Cisco’s ill-fated Umi had the right idea: a plug-and-play webcam for your TV that fulfills the Jetsonian promise of bringing faraway friends and family members into your living room — and you into theirs.
Right idea, wrong execution. The Umi required pricey hardware ($600) and locked buyers into Cisco’s proprietary video-chat service, charging them $25 per month for the privilege. Jetsonian? More like Draconian.
Tely Labs gets it right with the TelyHD, an equally high-def but more-reasonably priced webcam that’s blissfully easy to use and tied to everybody’s favorite free video-calling service, Skype.
This was a marriage born of both convenience and practicality. The byproduct: You can place calls to anyone with a laptop, smartphone, tablet, or other Skype-friendly device, and vice versa.
Even better, Tely charges no monthly fees. Once you buy the hardware, you can close your wallet for good, yet still make unlimited calls. (Well, maybe not unlimited — beware your ISP’s data cap.)
This 720p camera roughly resembles a spent paper towel tube that’s been painted glossy black and capped on either end with silver grilles. Those grilles aren’t masking a pair of tinny speakers, though — the TelyHD taps a TV’s HDMI port, so call audio gets routed through the same speakers that blast Family Guy.
And that’s literally half the setup process: plugging the unit into an HDMI port. The other half requires navigating simple onscreen menus to create or sign in to a Skype account. Tely’s small, efficient, Roku-style remote handles the heavy lifting. The only real hassle is thumbing your way through an onscreen keyboard to complete the Skype setup.
With that done, placing a video call is as simple as clicking a contact “card” (or creating a new one). I tested the TelyHD with several different callers: one using a laptop, another holding an Android smartphone, a third with another TelyHD, and so on. I used the camera’s built-in Wi-Fi, but there’s an ethernet port for Wi-Fi-challenged environments.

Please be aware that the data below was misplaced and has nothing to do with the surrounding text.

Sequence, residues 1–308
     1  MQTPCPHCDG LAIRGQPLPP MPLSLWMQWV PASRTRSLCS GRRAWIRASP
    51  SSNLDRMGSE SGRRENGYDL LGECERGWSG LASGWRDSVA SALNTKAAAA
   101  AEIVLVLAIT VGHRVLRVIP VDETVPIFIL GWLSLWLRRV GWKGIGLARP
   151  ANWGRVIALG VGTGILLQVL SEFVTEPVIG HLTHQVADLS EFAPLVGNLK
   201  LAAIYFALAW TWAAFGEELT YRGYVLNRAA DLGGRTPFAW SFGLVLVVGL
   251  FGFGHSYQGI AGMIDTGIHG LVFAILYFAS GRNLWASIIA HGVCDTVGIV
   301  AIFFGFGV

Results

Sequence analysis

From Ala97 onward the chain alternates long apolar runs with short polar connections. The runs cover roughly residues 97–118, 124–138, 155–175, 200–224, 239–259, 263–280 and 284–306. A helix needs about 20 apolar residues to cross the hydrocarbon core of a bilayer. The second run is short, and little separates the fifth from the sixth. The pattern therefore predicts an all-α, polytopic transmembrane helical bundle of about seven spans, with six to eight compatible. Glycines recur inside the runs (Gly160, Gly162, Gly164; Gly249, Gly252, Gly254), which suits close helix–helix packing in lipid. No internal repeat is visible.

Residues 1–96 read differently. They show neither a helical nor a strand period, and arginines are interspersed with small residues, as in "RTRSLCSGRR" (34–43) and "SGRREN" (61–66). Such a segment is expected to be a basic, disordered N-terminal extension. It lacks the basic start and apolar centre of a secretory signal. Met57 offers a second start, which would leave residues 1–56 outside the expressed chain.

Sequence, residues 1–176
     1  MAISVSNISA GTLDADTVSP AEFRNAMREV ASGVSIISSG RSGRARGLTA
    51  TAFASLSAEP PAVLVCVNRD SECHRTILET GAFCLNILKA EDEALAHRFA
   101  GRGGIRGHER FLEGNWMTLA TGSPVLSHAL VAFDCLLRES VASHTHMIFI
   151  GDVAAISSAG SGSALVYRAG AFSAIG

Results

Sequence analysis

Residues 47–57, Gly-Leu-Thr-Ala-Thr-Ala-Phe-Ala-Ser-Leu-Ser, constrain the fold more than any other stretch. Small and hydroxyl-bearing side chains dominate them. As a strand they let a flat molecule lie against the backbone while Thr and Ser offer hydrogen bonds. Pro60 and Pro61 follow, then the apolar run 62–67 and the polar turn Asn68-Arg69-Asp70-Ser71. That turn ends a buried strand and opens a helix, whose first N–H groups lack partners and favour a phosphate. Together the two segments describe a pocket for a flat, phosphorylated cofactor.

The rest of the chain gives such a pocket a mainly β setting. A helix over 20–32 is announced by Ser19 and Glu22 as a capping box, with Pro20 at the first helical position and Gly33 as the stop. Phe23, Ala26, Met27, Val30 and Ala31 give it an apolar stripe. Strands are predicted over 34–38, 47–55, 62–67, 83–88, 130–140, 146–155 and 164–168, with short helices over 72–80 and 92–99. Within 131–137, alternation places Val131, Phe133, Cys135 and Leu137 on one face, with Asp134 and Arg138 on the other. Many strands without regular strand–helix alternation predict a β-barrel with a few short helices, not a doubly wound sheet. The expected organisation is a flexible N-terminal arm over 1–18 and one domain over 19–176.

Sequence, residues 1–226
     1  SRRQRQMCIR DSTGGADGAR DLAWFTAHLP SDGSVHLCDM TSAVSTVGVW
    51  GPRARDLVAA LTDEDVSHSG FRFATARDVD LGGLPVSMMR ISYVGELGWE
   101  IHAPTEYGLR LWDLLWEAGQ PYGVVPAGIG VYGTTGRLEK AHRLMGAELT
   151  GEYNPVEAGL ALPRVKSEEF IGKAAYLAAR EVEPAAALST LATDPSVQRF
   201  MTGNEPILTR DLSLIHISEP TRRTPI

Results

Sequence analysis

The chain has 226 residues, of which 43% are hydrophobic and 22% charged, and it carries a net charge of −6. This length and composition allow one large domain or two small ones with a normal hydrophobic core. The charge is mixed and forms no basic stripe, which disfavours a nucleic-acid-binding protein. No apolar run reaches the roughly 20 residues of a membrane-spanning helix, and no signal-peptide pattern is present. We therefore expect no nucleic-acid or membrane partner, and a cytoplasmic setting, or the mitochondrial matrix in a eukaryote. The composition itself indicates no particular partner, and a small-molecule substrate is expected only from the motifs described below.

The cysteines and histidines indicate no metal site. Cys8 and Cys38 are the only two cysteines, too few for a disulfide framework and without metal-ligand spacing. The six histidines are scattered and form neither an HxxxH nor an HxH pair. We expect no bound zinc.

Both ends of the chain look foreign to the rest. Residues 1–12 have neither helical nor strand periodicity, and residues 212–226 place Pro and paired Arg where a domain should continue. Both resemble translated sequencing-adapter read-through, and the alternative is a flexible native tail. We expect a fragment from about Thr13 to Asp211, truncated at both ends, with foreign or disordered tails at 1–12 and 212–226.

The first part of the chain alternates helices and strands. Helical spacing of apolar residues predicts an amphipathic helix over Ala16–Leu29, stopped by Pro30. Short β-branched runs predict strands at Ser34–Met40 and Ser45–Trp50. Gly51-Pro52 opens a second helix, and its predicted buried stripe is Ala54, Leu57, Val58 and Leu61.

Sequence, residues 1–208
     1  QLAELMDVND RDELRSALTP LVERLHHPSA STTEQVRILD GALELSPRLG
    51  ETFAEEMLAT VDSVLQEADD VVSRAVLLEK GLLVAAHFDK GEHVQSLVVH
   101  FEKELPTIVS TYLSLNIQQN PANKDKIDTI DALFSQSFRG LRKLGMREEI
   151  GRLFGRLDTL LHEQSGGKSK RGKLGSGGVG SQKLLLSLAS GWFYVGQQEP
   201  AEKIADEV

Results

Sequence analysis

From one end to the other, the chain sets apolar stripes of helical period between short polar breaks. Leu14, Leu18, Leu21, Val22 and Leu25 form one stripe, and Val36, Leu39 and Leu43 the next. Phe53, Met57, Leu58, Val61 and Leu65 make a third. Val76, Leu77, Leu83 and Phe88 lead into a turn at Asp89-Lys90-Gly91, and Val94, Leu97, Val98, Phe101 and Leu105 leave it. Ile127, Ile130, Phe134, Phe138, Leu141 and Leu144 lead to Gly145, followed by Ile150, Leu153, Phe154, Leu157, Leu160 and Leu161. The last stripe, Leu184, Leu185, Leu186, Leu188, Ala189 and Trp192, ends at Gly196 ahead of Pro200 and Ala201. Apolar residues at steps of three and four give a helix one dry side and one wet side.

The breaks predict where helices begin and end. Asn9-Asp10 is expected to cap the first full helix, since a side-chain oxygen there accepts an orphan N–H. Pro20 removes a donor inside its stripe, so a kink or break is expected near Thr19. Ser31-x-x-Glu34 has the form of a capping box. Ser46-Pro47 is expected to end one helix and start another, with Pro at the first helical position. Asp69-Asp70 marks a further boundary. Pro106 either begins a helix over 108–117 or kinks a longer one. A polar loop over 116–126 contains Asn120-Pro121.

The results were uniformly excellent: loud, clear, consistent audio, and mostly good video. Why “mostly”? Room lighting plays a huge role in the quality of the image; anyone sitting in a non-brightly lit room may end up looking heavily pixelated. A quick trip to the TelyHD’s settings reveals adjustment toggles for both low-light and backlight situations. These offer some help, but they can’t overcome extremes. Of course, the same is true of most laptop webcams.
Also, I did notice the occasional frozen image, which usually lasted only a few seconds. But for the most part, long and short calls alike went off without a hitch. And it was mighty cool seeing friends and relatives on a massive HDTV instead of the usual laptop window or smartphone screen. Forget FaceTime — get ready for GroupTime. Indeed, nice as this is for the living room, it has even more potential in the boardroom.
The only real wrinkle here is justifying spending $250 for a webcam. For that kind of money you can buy an entire tablet — or even a starter laptop — and make the same Skype calls. And you’re not restricted to your living room, either.
Even so, there’s no denying that TelyHD is tons of fun to have around, and a lot more affordable than the TV-webcam products that preceded it.
Photo courtesy Tely Labs